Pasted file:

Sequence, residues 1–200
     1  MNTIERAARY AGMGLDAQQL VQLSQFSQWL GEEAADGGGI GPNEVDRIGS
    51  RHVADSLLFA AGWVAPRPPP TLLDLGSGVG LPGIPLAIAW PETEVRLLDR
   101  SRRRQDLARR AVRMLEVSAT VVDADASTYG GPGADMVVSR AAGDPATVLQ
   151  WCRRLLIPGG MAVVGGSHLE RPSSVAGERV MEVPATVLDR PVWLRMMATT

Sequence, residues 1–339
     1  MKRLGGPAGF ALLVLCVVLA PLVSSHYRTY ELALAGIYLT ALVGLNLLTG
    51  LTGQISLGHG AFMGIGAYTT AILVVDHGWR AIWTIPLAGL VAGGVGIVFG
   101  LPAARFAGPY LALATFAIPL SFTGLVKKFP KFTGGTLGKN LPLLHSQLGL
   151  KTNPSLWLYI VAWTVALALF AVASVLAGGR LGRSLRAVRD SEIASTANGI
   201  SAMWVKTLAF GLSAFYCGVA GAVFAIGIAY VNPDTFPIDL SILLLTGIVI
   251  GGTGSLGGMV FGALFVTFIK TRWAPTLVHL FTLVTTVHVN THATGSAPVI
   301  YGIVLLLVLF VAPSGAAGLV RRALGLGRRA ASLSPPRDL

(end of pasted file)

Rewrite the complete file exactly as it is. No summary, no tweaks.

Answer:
Sequence, residues 1–200
     1  MNTIERAARY AGMGLDAQQL VQLSQFSQWL GEEAADGGGI GPNEVDRIGS
    51  RHVADSLLFA AGWVAPRPPP TLLDLGSGVG LPGIPLAIAW PETEVRLLDR
   101  SRRRQDLARR AVRMLEVSAT VVDADASTYG GPGADMVVSR AAGDPATVLQ
   151  WCRRLLIPGG MAVVGGSHLE RPSSVAGERV MEVPATVLDR PVWLRMMATT

Sequence, residues 1–339
     1  MKRLGGPAGF ALLVLCVVLA PLVSSHYRTY ELALAGIYLT ALVGLNLLTG
    51  LTGQISLGHG AFMGIGAYTT AILVVDHGWR AIWTIPLAGL VAGGVGIVFG
   101  LPAARFAGPY LALATFAIPL SFTGLVKKFP KFTGGTLGKN LPLLHSQLGL
   151  KTNPSLWLYI VAWTVALALF AVASVLAGGR LGRSLRAVRD SEIASTANGI
   201  SAMWVKTLAF GLSAFYCGVA GAVFAIGIAY VNPDTFPIDL SILLLTGIVI
   251  GGTGSLGGMV FGALFVTFIK TRWAPTLVHL FTLVTTVHVN THATGSAPVI
   301  YGIVLLLVLF VAPSGAAGLV RRALGLGRRA ASLSPPRDL